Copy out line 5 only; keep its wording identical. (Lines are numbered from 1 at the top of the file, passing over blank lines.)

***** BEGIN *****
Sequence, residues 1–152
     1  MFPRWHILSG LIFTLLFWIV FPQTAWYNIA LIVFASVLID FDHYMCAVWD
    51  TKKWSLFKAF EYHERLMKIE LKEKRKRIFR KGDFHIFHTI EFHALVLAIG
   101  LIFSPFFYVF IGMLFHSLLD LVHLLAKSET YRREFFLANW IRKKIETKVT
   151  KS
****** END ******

   151  KS